Plus, being read as cisgender (and especially being read as a cisgender man) can be loaded with privilege. Being trans in public is still a thing that can be very unsafe, or at very least uncomfortable. There’s a luxury in being able to go to the grocery store without turning heads.
And also, sexuality and gender are fluid.
In the TV show Buffy the Vampire Slayer, Alyson Hannigan plays Willow Rosenberg, a bookish girl who, in early seasons, develops a relationship with a male character. But in later seasons (is there a statute of limitations on spoiler alerts?), she falls in love with a woman. She does not describe herself as bisexual – though that may be a symptom of the social dialogue in the 90’s as much as it is a trait of the particular character – but rather as someone who had reevaluated her identity and determined that she was, in fact, gay.
And this is a real thing that happens. Sexuality is fluid, and people find themselves surprised by who they fall in love with all the time. And when that happens, people reevaluate their identity – and part of that has to do with the question of passing.
A historically straight woman might fall in love with another woman, reexamine her identity and wonder… “am I a straight woman who just happened to meet someone special? Am I bisexual? How do I define myself?” And maybe that woman decides that she’s always been bisexual, but she’s been passing as straight, to absolutely everyone, including herself. Or, just as likely, she may decide that she now self-identifies as bisexual, pansexual, or even gay.
A historically gay man might fall in love with a woman and ask the same questions. Then, after a lifelong journey to come to terms with his identity as gay, he may have a lot of emotions about suddenly passing as straight when he and his new girlfriend are in public.
Kate Bornstein, a writer, speaker, and activist, did a lot of soul searching to find her identity as a transgender woman (by way of Scientology, but that’s another story). But then, over time, she realized that she lives outside the gender binary and now identifies as gender nonconforming. But through the process of her transition, she passes as a woman – and when she wants to be seen as her authentic self, it requires some explaining.
Cishet is different, not better.
I said this earlier, but it bears repeating: being cisgender and heterosexual are different from being a member of a gender, sexual, or relationship minority… but that doesn’t make them better. All identities are valuable. As I’m fond of saying, if you’re not harming anyone, and you feel good on the inside, you’re probably doing okay.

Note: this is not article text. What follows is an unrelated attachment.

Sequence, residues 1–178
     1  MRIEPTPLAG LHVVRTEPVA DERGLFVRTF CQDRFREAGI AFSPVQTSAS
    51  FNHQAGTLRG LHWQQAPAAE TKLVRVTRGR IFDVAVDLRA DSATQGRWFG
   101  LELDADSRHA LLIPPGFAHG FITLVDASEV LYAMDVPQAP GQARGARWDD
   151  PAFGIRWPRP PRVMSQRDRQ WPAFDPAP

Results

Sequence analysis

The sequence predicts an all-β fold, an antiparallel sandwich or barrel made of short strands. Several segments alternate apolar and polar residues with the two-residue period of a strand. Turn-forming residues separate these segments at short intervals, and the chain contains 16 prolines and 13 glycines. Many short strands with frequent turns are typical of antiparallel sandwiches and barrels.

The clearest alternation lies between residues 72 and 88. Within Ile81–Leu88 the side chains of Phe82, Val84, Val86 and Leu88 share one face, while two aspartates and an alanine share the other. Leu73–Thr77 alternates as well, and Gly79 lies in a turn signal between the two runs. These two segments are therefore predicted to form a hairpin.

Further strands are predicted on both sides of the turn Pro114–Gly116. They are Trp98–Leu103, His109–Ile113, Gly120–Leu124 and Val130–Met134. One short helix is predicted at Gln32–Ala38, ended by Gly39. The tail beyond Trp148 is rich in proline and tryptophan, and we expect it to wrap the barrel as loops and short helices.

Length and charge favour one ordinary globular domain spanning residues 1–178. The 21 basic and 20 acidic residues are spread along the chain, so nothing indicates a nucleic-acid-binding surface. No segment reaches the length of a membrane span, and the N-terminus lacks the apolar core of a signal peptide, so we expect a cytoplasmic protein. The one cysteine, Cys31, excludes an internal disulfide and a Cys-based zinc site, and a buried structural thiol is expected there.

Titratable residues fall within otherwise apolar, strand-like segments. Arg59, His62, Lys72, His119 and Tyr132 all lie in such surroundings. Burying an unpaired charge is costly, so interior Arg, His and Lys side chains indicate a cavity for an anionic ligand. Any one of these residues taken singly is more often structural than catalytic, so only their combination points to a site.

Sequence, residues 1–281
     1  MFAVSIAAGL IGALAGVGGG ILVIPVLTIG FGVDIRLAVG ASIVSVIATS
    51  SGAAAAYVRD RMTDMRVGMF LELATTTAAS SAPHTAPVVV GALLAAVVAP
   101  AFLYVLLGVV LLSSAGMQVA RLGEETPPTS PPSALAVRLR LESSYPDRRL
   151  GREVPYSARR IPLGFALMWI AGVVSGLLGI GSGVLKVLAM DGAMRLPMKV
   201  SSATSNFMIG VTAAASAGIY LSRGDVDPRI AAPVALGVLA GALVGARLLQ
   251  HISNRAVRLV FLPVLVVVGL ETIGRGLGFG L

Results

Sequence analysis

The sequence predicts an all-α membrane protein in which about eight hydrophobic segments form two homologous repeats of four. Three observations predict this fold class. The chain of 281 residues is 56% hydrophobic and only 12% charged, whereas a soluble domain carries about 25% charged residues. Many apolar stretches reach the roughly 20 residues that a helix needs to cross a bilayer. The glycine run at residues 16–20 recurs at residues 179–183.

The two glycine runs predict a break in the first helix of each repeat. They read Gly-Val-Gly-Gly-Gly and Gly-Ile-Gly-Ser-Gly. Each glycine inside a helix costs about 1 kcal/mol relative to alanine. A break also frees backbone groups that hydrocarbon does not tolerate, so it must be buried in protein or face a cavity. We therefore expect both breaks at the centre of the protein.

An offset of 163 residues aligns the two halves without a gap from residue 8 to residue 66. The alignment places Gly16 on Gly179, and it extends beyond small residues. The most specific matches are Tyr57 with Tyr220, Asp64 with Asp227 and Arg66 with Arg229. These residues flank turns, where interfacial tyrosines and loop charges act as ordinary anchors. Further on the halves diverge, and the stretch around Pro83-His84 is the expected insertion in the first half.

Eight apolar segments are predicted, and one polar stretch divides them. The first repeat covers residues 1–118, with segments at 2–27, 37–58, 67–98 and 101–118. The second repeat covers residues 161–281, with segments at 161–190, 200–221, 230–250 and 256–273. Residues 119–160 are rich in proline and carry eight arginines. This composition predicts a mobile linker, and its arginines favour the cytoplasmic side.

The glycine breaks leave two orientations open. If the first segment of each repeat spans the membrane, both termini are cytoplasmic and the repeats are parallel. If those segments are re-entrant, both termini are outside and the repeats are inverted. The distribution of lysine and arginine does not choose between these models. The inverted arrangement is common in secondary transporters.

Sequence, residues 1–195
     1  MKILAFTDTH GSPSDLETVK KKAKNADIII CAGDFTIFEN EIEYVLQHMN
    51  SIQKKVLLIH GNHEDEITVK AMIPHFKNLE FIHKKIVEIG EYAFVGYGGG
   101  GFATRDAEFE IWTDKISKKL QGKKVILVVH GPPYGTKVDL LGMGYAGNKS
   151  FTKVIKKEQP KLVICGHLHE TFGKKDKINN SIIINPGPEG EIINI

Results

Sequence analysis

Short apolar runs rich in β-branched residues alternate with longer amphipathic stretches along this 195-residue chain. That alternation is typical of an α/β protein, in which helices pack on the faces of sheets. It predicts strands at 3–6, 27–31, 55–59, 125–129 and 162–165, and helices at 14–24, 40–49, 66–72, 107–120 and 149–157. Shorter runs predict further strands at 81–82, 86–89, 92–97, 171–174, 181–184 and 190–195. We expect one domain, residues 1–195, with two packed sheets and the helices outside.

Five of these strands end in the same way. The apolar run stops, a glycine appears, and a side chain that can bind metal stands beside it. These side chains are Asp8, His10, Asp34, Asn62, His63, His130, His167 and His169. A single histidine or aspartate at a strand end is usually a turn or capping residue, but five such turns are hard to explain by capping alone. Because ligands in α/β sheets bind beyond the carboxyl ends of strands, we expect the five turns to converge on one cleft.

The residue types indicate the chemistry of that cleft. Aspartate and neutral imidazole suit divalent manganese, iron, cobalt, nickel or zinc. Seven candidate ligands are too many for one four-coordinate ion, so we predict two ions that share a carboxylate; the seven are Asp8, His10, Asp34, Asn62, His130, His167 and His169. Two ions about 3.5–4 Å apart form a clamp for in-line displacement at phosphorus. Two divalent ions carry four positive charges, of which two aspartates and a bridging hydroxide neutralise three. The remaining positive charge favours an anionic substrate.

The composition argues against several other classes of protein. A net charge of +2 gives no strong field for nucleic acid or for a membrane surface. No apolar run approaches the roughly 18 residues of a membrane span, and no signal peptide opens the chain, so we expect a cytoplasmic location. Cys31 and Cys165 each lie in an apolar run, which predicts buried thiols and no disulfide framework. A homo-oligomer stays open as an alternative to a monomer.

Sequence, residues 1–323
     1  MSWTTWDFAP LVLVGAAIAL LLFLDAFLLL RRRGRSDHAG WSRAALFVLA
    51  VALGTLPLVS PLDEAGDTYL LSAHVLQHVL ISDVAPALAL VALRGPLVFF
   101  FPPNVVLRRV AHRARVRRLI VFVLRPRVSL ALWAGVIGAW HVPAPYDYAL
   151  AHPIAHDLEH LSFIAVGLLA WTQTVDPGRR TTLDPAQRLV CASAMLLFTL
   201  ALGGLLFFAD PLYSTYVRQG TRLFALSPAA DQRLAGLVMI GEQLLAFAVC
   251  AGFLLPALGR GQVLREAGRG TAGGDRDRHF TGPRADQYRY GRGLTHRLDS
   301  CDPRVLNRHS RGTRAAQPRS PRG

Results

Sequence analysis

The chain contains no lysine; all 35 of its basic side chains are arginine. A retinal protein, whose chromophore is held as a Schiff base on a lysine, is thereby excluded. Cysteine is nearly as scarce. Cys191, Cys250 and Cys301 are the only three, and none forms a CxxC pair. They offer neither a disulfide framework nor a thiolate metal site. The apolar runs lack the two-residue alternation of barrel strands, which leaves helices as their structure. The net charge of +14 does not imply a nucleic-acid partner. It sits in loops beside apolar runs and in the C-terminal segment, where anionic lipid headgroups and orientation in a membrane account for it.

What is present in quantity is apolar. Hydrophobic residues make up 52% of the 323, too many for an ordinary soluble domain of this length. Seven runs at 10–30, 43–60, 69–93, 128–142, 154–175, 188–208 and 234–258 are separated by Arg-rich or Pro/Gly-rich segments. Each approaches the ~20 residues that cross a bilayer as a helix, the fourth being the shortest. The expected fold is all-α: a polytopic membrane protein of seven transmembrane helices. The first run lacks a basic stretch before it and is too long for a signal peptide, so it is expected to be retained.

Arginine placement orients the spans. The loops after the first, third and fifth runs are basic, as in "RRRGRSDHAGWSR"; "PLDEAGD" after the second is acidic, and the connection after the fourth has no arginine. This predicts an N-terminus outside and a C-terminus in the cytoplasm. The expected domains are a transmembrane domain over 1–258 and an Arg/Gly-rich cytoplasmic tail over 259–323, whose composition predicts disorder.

So when we’re talking about passing, it’s important to recognize that that isn’t everyone’s goal. A lot of people want to be read as queer, because it’s an important piece of their identity. They don’t want to “blend in,” because conforming isn’t what they value.
And even among those who pass, there may be deep feelings of conflict and discomfort in knowing that they present as cishet in a world where their LGBTQQIAPK+ siblings, figuratively speaking, don’t share their privilege and the ease and safety it affords them.
We all want to feel seen.
And, ultimately, it’s not passing that allows people to experience emotional intimacy. Only when someone understands who you are and what you’ve been through can you be truly seen.
After all, intimacy = “into me, see”. And two things allow us to experience that: being loved and being seen.
No matter who you are, being loved without being seen feels false. In this context, a person might think, “Sure, you love me… but what would you say if you knew that I’m actually gay or transgender?” But this sentiment is echoed across demographics: “What would you say if you knew that I…
…struggle with depression?”
…listen to Country music?”
…used to watch The Apprentice?”
…like most dogs more than I like most people?”
…am into really nerdy stuff?”
And being seen without being loved? That’s the core of disconnection, and the birthplace of shame. The fear of this kind of rejection is what drives a lot of people to hide parts of themselves, or – put another way – to try to “pass”.
Anyone can be accepted and “fit in” by passing… but to truly belong, you have to feel seen. And that’s what makes the concept of passing as cishet such a complicated thing.